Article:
Conquer Impostor Syndrome with 7 Tips from Successful Women
We know you’re brilliant, but let us guess: Sometimes you’re not so sure? Even the most competent, high-achieving women have moments of feeling incapable or way out of their comfort zones at work. It’s a phenomenon known as Impostor Syndrome, and it’s been written about extensively by women like Ann Friedman (who just happens to be one of our Ampersand Women).
When you find yourself questioning your value and ability, take heart: “Researchers find that impostorism is most often found among extremely talented and capable individuals, not people who are true impostors,” says sociologist Jessica Collett in Friedman’s article on the topic.
See? Feeling like a fraud might mean you’re more competent than you think. Keep yourself in check by consulting these seven speeches by successful women.
1. Fake it ’til you make it.
“At the end of my first year at Harvard, a student who had not talked in class the entire semester, who I had said, ‘Look, you’ve gotta participate or else you’re going to fail,’ came into my office. I really didn’t know her at all. She came in totally defeated, and she said, ‘I’m not supposed to be here.’ And that was the moment for me. Because two things happened. One was that I realized, ‘Oh my gosh, I don’t feel like that anymore. But she does, and I get that feeling.’ And the second was: She is supposed to be here! Like, if she can fake it, she can become it. So I was like, ‘Yes, you are! You are supposed to be here! And tomorrow you’re going to fake it. You’re going to make yourself powerful. You’re going to go into the classroom, and you are going to give the best comment ever.’ You know? And she gave the best comment ever, and people turned around and were like, ‘Oh my God, I didn’t even notice her sitting there.’ She comes back to me months later, and I realized that she had not just faked it ’til she made it, she had actually faked it ’til she became it. She had changed. So I want to say to you: Don’t fake it ’til you make it. Fake it ’til you become it.”
2. Push through the uneasiness.
“Doing something you aren’t ready to isn’t comfortable. For me, and I assume for many of you, it gives you that uneasy, upset feeling in your stomach. That sense that, this time, you may have gotten too close to the edge. But in pushing through that discomfort, you’ll learn a lot more about yourself. You’ll learn to do something you didn’t think you could do, or you’ll learn where your limits are. Either is valuable. It’s important to push through that uneasiness though, because in that moment of finding your courage, you really grow and you really reach. I’ll say it again, do something you’re not ready to do.”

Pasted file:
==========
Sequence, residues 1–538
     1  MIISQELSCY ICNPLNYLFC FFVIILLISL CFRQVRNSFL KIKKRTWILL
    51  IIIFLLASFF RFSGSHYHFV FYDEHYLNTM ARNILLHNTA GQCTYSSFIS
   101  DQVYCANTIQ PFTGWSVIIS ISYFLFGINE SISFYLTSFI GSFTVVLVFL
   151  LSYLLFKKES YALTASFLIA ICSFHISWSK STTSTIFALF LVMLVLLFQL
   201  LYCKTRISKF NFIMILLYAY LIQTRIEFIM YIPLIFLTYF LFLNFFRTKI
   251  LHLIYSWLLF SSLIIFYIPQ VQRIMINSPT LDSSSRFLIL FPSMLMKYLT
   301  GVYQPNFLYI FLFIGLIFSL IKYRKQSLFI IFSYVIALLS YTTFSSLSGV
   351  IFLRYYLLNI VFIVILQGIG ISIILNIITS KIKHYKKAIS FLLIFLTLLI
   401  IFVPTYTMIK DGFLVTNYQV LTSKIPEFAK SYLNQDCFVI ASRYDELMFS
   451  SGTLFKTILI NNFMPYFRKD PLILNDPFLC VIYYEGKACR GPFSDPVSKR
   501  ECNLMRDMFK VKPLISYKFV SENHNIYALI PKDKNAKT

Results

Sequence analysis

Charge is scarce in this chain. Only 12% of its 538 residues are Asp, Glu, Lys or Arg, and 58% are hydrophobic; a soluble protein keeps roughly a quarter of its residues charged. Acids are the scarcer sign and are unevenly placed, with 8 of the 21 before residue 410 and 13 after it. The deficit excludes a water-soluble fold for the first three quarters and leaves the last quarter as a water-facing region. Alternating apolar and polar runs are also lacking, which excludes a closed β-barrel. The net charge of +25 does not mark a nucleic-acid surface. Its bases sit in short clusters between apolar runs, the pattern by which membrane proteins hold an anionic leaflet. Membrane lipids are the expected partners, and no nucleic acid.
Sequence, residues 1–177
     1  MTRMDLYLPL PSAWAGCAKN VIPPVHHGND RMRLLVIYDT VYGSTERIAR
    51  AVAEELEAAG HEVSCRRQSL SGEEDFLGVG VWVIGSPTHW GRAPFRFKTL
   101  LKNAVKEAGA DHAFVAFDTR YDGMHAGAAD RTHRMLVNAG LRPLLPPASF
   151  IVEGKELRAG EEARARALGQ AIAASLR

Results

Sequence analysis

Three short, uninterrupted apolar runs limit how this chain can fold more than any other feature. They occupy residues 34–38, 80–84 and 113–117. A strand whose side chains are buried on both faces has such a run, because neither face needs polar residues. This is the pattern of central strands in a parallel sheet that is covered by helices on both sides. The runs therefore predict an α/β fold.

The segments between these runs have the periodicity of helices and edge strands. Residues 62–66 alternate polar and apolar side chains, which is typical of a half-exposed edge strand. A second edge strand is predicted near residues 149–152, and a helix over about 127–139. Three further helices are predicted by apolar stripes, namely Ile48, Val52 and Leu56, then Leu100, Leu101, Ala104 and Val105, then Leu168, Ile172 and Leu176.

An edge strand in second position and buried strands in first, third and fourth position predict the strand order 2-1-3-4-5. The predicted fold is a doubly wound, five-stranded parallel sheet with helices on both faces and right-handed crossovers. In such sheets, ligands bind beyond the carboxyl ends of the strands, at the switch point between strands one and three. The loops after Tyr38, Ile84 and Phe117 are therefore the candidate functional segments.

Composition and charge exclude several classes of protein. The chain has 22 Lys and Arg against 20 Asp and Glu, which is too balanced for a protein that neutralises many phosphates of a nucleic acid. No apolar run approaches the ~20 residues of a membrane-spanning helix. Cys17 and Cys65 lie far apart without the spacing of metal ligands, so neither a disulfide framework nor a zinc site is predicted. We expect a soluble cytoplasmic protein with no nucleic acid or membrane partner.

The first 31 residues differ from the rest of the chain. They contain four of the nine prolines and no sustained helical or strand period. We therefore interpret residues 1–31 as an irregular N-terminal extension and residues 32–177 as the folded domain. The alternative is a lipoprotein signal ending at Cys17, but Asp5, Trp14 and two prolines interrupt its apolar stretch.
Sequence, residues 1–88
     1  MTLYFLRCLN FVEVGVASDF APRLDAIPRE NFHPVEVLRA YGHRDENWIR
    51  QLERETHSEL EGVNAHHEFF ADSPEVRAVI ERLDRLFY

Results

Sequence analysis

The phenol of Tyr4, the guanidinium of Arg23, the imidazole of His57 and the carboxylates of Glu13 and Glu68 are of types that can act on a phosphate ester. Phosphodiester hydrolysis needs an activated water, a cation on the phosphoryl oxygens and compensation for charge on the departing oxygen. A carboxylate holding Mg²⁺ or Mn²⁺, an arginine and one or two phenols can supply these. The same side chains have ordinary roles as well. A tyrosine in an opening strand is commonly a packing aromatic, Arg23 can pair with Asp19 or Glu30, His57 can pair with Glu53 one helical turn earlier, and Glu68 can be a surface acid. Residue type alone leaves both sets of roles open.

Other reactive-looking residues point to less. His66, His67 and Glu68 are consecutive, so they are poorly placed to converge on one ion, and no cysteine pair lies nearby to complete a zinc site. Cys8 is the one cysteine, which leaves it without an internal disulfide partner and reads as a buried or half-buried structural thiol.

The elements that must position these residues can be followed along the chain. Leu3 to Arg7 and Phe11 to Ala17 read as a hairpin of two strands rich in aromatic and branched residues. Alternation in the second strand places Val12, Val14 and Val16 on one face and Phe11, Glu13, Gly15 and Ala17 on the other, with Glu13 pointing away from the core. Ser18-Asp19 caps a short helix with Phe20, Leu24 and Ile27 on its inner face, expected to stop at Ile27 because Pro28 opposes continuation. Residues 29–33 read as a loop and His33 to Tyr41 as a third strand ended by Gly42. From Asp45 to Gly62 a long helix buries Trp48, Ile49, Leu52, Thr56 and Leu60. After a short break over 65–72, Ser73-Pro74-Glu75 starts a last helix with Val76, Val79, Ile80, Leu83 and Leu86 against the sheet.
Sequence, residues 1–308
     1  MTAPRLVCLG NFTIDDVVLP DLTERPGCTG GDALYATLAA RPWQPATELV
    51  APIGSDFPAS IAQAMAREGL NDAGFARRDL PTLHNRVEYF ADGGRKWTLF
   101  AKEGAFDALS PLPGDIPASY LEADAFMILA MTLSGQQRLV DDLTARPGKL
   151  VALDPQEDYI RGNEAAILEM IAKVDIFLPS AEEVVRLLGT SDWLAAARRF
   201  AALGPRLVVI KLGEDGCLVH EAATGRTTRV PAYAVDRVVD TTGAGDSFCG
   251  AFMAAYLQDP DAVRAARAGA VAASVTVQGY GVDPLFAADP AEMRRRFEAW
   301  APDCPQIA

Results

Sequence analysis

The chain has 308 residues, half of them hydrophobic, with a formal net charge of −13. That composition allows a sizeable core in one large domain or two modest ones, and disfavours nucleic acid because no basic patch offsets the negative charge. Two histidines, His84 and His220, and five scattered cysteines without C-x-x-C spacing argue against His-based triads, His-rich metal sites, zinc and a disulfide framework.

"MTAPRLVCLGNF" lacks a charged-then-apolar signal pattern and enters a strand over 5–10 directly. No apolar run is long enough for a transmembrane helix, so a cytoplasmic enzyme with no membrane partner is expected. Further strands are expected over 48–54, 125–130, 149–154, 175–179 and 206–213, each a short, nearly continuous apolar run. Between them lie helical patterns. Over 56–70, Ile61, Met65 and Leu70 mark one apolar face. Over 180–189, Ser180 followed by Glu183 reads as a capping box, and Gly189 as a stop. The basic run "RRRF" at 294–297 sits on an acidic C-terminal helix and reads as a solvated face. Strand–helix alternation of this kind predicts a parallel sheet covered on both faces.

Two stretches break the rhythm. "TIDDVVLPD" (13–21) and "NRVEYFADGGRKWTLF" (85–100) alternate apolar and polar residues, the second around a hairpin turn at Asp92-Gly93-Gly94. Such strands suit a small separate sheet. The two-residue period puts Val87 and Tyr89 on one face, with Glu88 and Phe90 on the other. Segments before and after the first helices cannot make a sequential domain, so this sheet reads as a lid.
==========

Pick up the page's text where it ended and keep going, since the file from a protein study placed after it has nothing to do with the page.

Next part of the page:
3. Sit at the table.
“We have to tell our daughters, our colleagues, and ourselves to believe we got the A, to reach for the promotion, to sit at the table. And we have to do it in a world where, for them, there are sacrifices they will make for that (even though for their brothers, there are not). It’s really hard to remember this… [but] we’ve got to get women to sit at the table.”
4. Stop apologizing.
“You can’t pursue something and be committed to it if you’re apologizing for it at every party. Which I did for a while. I learned you have to surrender to the fact that you are one of too many in a highly competitive field where it is difficult to stand out… for now. Over time, through your work, you will demonstrate who you are and what you bring to the field. Just stay with it and keep working.”
5. Speak. Keep speaking.
“Once you start to speak, people will yell at you. They will interrupt you, put you down, and suggest it’s personal. And the world won’t end. And the speaking will get easier and easier. And you will find you have fallen in love with your own vision, which you may never have realized you had. And you will lose some friends and lovers, and realize you don’t miss them. And new ones will find you and cherish you… And at last, you’ll know with surpassing certainty that only one thing is more frightening than speaking your truth—and that is not speaking.”
6. Treat failure as a lesson.
“Nobody’s journey is seamless or smooth. We all stumble. We all have setbacks. If things go wrong, it’s just life’s way of saying, ‘Time to change course.’ So, ask every failure—this is what I do with every failure, every crisis, every difficult time—I say, “What is this here to teach me?” And as soon as you get the lesson, you get to move on. If you really get the lesson, you pass and you don’t have to repeat the class. If you don’t get the lesson, it shows up wearing another pair of pants—or skirt—to give you some remedial work… Difficulties come when you don’t pay attention to life’s whisper. Because life always whispers to you first, and if you ignore the whisper, sooner or later you’ll get a scream. Whatever you resist persists.”
7. Keep showing up.
“What I have to keep telling myself when I get really psyched out is: Don’t be afraid. Don’t be daunted. Just do your job. Continue to show up for your piece of it, whatever that might be. If your job is to dance, do your dance. If the divine, cockeyed genius assigned to your case decides to let some sort of wonderment be glimpsed, for just one moment through your efforts, then ‘Olé!’ And if not, do your dance anyhow. And ‘Olé!’ to you, nonetheless. I believe this, and I feel that we must teach it. ‘Olé!’ to you, nonetheless, just for having the sheer human love and stubbornness to keep showing up.”